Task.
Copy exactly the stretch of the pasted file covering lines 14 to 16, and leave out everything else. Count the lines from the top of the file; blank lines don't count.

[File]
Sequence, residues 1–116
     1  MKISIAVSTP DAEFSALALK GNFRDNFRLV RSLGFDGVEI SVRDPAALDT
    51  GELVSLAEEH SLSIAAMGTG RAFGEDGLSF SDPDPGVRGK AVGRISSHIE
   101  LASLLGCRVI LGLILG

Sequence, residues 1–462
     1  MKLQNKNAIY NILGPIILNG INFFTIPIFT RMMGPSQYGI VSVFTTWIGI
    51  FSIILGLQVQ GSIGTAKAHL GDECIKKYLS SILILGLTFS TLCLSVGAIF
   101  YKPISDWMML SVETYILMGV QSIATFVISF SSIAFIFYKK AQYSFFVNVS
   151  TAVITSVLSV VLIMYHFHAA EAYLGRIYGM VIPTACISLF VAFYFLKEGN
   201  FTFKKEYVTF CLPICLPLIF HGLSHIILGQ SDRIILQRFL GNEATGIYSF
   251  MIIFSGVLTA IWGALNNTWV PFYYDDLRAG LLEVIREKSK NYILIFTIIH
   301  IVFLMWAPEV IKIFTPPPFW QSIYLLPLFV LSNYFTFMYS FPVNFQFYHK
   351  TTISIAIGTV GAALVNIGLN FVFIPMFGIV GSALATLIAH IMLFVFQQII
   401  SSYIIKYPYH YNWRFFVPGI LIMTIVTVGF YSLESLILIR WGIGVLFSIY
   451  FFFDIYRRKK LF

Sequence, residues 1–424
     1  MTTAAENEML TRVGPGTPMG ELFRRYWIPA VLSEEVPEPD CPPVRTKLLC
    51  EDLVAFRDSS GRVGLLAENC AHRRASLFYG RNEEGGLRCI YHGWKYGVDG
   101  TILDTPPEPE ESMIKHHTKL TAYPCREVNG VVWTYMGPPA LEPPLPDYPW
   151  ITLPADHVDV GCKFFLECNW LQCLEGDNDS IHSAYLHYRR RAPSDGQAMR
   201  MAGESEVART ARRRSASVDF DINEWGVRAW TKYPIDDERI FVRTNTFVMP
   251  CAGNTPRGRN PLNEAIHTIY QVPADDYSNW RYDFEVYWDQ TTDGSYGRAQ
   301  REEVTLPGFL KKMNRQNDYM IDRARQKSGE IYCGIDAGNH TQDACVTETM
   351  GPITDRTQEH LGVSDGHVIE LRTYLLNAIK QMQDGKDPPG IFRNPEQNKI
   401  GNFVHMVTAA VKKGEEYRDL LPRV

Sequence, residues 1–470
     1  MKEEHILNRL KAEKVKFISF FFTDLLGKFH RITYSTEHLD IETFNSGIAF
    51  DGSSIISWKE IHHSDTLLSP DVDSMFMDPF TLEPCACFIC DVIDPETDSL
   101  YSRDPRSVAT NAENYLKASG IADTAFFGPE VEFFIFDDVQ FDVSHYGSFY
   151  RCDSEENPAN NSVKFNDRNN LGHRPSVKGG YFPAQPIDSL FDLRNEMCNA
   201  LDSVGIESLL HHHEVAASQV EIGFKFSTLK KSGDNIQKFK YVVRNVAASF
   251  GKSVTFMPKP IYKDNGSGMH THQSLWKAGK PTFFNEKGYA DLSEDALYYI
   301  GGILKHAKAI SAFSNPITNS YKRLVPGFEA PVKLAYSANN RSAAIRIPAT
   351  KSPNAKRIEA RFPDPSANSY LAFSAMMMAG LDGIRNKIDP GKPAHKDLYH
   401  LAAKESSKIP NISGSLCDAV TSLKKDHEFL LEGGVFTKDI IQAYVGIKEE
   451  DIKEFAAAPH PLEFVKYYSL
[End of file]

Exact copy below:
   401  SSYIIKYPYH YNWRFFVPGI LIMTIVTVGF YSLESLILIR WGIGVLFSIY
   451  FFFDIYRRKK LF

Sequence, residues 1–424